Stability field analysis in forest ecology provides a practical framework for data collection. In particular it mandates the recognition of microhabitats since, as in the case of mineral systems, forests are subject to communication/mobility constraints on their chemical, physical and biological components. This limits the sizes of units in which stability relations can be expressed. The concept also has a bearing on the recognition of sizes of representative stands of trees and the relative importance of the presence or absence of given species versus the number of individuals of these species in the stands. Finally it demands a correlation of species with the mineral substrate as well as other environmental parameters. Consideration of these factors are of course additional to those of classical ecology, many of which also bear on stability relations.
Stability field analysis is an outgrowth of the natural tendency in nature toward dynamic equilibrium, with the caveat that perfect equilibrium is only a reference state. While the well-known criteria for general equilibrium apply, forest equilibrium does not have the thermodynamic basis of the simpler mineral version, although the latter exerts its influence in the substrate. Its most familiar expression of stability is in the attainment of forest climax in which natural disturbances are perturbations.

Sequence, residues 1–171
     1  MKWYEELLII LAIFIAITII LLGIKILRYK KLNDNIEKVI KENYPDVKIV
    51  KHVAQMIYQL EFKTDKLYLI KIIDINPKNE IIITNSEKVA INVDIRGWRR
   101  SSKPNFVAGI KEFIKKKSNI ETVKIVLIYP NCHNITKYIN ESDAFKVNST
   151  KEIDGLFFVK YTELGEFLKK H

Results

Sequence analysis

These theoretical musings do have implications in forest protection because they reveal a depth and systematization beyond those of current ecological theory. For example, it is likely that the patchiness of the microhabitat mosaic is as important as that of macrohabitats. They also serve as an aid to prioritizing data collection in the rapid biologic assessments which are assuming greater importance in this age of ecodestruction.
Figure 3 is an illustration of the stability fields of a number
of tree species in terms of acidity and soil moisture. It is
based on a variety of field data including some resulting from